Medical school graduates should be able to enter information from patient encounters and to write orders and prescriptions in the electronic health record. Studies have shown that while students often can access EHRs, some students may receive inadequate preparation for these skills. Greater understanding of student exposure to electronic health records during their obstetrics and gynecology clerkships can help to determine the extent to which students receive the educational experiences that may best prepare them for their future training and practice.
To study medical student reporting of electronic health record use during the obstetrics and gynecology clerkship.
A Step 2 Clinical Knowledge (CK) End-of-Examination Survey about electronic health record use was administered to medical students after they completed the Step 2 Clinical Knowledge component of the United States Medical Licensing Examination. For inpatient and outpatient rotations, students were asked if they accessed a record and if they entered notes or orders into it. Descriptive statistics for a sample of 16,366 medical students who graduated from LCME-accredited schools between 2012 and 2016 summarize student interactions with electronic health records by rotation type and graduation year. Chi-square techniques were used to examine mean differences in access and entry.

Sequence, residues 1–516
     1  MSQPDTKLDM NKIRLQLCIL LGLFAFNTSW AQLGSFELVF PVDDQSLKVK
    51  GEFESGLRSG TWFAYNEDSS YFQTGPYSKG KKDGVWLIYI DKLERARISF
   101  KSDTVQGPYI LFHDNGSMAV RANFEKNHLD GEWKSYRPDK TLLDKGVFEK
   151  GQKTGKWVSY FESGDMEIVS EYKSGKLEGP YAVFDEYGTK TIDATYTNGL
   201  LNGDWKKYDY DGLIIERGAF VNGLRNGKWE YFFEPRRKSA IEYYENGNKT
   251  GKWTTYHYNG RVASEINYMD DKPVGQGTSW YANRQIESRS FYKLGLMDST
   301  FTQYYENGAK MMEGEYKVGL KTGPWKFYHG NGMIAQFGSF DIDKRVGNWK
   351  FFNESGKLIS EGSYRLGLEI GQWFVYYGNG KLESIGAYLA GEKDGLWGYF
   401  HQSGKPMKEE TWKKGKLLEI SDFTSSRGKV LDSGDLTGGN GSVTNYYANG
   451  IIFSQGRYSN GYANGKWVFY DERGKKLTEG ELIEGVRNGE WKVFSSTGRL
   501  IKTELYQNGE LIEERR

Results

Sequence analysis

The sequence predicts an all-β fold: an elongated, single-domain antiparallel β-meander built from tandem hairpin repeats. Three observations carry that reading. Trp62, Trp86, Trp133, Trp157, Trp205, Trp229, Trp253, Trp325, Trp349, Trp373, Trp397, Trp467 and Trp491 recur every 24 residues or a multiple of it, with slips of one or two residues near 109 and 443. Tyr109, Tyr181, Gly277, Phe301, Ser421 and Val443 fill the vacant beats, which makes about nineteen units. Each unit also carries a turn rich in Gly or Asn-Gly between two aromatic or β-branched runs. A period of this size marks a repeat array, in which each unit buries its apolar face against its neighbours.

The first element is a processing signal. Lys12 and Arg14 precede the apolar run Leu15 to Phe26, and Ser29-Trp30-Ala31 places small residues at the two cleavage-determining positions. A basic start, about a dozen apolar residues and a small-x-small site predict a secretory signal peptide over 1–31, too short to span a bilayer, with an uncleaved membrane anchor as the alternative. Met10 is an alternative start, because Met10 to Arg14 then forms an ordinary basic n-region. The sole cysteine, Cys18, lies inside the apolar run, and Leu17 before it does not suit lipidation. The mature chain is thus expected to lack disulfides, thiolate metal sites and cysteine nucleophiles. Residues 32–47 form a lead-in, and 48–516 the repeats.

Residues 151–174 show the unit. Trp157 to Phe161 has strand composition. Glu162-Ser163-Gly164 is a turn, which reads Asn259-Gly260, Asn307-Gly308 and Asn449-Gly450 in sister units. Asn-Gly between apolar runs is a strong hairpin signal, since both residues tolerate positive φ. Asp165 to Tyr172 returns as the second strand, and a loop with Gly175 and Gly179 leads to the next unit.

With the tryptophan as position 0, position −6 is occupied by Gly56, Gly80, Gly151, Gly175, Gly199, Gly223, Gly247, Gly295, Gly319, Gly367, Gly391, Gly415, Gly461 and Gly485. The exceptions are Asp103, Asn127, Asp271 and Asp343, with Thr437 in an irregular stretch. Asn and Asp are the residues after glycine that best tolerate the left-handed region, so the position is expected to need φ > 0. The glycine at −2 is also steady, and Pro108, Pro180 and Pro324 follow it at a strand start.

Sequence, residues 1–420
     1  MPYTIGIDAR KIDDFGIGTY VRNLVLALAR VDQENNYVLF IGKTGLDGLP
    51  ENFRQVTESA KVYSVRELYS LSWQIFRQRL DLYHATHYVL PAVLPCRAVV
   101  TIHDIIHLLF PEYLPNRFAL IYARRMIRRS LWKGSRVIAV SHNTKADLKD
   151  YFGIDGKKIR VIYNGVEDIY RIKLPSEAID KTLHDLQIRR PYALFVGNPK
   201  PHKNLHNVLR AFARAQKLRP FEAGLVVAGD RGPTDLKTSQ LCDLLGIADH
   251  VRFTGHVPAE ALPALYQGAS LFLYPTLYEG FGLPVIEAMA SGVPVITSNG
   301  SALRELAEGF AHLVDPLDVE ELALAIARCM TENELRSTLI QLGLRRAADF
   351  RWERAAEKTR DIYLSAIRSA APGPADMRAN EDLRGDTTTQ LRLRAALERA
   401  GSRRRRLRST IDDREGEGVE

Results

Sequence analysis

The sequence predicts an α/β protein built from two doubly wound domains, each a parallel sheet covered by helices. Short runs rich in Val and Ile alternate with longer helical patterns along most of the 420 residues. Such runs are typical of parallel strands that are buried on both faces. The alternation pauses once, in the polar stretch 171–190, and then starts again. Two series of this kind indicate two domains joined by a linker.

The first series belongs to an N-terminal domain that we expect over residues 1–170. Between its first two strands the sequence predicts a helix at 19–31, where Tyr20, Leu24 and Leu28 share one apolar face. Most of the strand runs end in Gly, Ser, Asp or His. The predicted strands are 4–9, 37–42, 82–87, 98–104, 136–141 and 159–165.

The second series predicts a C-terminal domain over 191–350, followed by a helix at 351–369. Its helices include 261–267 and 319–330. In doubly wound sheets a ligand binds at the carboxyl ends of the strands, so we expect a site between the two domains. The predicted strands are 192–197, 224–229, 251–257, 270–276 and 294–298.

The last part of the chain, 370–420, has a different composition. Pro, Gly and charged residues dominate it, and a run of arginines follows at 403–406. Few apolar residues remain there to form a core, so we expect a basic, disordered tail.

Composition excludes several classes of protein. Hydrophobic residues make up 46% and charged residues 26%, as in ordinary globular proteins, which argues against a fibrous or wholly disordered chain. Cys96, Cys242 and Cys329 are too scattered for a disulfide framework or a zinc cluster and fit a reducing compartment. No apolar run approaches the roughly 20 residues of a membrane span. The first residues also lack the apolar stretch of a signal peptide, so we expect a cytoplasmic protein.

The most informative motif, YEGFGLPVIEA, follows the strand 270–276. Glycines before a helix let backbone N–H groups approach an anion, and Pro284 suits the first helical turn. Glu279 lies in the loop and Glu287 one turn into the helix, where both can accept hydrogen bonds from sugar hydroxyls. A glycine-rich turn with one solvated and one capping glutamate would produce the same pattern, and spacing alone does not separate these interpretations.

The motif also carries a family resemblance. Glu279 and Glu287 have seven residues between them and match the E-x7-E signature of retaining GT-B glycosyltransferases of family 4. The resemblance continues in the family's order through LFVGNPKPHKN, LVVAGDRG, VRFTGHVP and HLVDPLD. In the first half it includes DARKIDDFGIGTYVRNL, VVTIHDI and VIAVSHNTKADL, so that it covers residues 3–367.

The survey had an overall response rate of 70%. In 2016, the majority of survey respondents (94%) accessed electronic health records during their obstetrics and gynecology clerkship, but 26% reported “read-only” access. On the inpatient service, fewer than 10% of students reported any order entry, 58% reported entering progress notes, and 47% reported entering an admitting history and physical.
Medical school graduates entering obstetrics and gynecology residencies are expected to be competent in documenting clinical encounters and entering orders, including those that are unique to obstetrics and gynecology. This study shows that some students may receive less experience with entering information into electronic health records during their obstetrics and gynecology clerkships than others, which could result in unequal levels of preparedness for graduate medical education.

Copyright © 2020. Published by Elsevier Inc.